Environmental organisations worldwide urge South Korea to halt destruction of its most important wetland…In protests at South Korean embassies in the UK, USA, Australia, Japan and New Zealand, and the Ministry of Foreign Affairs and Trade in Seoul, a coalition of environmental organisations has formally protested about the highly controversial project to reclaim Saemangeum. Saemangeum is a vital Asian tidal wetland because of the 25,000 Korean fishermen who depend upon it for their livelihood and because of the site`s critical importance for threatened migratory bird species.Five weeks ago, a Korean court stopped the reclamation, following a case brought about by Korean environmental organisations and 3,500 local people. Studies had shown that the water in the proposed reclamation reservoirs would be of too poor quality for agricultural use. However, the South Korean Government lodged an appeal against the decision, and the case will be heard from 26 August. Rumour has it that the government thinks that destroying the wetlands is not a problem as creating agricultural land is just as environmentally friendly!At the South Korean embassy in London, environmental organisations BirdLife International, its UK Partner, the RSPB, Friends of the Earth, Korean NGO WBKEnglish and the Oriental Bird Club handed a letter of protest to Ambassador, Lee Tae-Sik, together with a petition containing 5,200 signatures.  The letter urged the cancellation of the Saemangeum Reclamation Project under Korea`s obligations to conservation and sustainable management under the Convention on Biological Diversity and the Ramsar Convention.The organisations recognise that, if the project is not abandoned, by the time of proposed completion in 2006, 401 km2 of tidal flats and shallows, the whole of the most important shorebird site in the Yellow Sea, would be lost, with serious consequences for the globally threatened species dependent on the wetland. Among these, a recent count found the world`s highest numbers of the Endangered Spotted Greenshank, Tringa guttifer, which numbers fewer than 1,000 individuals world-wide, large numbers of the Vulnerable Saunders`s Gull, Larus saundersi, and Baikal Teal, Anas Formosa, and an estimated 10% of the global population of the Vulnerable Spoon-billed Sandpiper, Eurynorhynchus pygmeus.In addition, Saemangeum supports a significant proportion of the international population of 27 species of waterbirds, including an estimated 80,000 plus Great Knots, Calidris tenuirostris. In 1999, Ramsar asked the South Korean Government to protect the site as a Wetland of International Importance. On 20 August, Korean environmental organisations, KFEM, Green Korea United and WBKEnglish protested at the Ministry of Foreign Affairs and Trade in Seoul. In a country not renowned for public protests, Saemangeum has already inspired some of the nation`s largest demonstrations, including a 65-day long march by monks.In Australia`s capital, Canberra, WWF handed over a petition and protest letters. Other organisations opposing the reclamation project include the Ramsar Secretariat, Wetlands International and Forests.org. Protests are also expected in the USA, New Zealand and Japan. In their joint letter of protest, the UK-based environmental organisations argue that loss of the Saemangeum tidal flats would cause greater expense in the long-term than abandoning the project altogether, through loss of valuable fishery resources, increased pollution and damage to South Korea`s international reputation. In addition, it is very likely that in the future this globally outstanding site would generate additional wealth through its untapped tourism value. Destroying one of a handful of globally important sites for biodiversity conservation is both unnecessary and damaging to South Korea`s international reputation and national economy, says BirdLife International`s Director and Chief Executive, Dr Michael Rands. By protecting Saemangeum, South Korea could establish its position in Asia as a nation committed to the conservation of global biodiversity and environmentally sustainable development.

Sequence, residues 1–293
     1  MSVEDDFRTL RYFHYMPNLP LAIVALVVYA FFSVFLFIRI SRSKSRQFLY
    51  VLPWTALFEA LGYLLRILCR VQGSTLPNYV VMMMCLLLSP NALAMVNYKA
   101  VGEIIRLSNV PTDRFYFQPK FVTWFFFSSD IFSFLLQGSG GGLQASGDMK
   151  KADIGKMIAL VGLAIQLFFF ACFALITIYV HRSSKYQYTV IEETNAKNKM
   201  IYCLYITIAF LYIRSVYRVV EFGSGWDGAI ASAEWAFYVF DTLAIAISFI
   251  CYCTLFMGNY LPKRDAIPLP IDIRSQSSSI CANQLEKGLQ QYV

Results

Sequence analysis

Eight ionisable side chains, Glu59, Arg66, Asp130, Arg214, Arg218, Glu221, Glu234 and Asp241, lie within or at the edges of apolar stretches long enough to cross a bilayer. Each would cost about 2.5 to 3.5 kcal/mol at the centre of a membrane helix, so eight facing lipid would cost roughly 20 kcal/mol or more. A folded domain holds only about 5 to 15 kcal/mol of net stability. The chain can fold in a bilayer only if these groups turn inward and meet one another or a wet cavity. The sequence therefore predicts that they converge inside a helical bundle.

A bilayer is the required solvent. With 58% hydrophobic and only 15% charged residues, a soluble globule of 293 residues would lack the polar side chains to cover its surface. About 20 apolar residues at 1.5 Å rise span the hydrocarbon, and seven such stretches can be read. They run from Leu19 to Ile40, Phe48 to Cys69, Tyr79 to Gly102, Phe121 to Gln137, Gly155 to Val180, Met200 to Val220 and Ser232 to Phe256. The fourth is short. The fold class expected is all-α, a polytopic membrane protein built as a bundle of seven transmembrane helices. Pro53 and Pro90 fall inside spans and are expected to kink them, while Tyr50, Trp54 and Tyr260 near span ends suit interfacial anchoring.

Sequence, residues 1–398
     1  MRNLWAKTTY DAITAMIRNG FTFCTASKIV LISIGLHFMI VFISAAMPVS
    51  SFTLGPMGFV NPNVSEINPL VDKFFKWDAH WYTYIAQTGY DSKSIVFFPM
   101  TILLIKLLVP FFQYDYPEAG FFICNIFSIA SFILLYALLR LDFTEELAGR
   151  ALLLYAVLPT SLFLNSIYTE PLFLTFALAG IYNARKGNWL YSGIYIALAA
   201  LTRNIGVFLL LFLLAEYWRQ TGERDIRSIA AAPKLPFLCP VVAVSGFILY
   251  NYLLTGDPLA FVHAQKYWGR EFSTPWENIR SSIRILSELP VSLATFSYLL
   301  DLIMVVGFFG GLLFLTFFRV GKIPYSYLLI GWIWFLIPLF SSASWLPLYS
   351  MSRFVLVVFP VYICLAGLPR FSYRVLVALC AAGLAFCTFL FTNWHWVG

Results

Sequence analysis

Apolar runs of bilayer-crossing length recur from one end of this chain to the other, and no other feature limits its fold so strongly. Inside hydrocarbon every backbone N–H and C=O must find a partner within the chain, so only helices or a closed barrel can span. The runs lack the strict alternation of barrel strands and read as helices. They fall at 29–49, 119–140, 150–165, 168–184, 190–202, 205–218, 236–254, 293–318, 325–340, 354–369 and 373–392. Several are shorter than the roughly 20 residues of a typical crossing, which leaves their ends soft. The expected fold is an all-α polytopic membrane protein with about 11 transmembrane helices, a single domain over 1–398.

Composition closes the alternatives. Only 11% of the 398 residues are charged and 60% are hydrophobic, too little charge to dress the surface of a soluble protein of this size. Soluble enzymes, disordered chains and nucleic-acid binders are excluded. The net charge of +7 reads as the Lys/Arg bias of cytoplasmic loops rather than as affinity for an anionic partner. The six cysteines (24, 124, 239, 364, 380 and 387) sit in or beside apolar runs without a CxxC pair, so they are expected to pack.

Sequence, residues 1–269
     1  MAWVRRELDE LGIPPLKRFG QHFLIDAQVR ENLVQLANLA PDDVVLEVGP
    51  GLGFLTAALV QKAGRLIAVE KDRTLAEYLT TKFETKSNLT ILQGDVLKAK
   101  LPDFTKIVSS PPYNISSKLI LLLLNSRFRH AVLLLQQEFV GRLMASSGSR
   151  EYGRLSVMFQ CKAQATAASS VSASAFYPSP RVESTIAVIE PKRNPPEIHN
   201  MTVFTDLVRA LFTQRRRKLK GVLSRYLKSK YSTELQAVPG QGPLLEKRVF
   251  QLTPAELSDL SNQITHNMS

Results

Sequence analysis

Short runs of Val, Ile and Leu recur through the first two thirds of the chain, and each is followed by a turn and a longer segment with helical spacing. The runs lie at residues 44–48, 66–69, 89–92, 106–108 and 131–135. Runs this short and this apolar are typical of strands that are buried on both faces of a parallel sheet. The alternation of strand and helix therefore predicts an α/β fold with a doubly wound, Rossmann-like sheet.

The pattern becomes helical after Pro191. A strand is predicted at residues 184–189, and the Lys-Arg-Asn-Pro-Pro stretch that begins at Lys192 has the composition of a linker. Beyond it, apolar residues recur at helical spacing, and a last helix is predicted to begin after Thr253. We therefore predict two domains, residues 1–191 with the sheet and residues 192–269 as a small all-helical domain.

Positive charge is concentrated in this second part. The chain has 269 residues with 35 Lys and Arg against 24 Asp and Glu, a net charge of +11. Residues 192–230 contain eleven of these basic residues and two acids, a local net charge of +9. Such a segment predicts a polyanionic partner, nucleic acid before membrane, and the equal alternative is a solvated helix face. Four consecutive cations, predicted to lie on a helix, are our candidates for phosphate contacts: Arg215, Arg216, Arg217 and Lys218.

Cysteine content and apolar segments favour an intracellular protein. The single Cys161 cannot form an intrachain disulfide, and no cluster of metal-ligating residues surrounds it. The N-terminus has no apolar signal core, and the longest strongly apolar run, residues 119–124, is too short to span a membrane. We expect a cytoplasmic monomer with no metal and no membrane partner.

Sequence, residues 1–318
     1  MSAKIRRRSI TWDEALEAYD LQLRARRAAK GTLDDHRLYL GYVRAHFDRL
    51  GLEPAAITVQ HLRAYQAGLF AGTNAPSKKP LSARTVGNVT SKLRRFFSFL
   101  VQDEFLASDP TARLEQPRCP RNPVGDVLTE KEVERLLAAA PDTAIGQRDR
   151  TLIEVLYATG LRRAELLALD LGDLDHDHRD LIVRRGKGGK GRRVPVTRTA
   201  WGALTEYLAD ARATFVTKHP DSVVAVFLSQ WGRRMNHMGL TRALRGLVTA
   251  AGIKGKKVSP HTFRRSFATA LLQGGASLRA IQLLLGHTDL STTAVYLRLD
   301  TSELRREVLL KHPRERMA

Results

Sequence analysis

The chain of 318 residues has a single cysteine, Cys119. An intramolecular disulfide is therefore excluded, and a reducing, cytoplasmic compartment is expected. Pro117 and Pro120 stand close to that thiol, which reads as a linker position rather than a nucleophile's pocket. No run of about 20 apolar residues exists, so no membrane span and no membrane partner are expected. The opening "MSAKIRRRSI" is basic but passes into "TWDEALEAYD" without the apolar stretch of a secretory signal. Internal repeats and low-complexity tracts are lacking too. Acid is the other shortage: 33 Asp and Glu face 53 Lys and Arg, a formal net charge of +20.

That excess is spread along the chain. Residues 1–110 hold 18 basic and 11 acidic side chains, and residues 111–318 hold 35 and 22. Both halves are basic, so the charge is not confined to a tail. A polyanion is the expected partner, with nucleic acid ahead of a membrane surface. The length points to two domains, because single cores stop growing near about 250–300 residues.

4th July 2014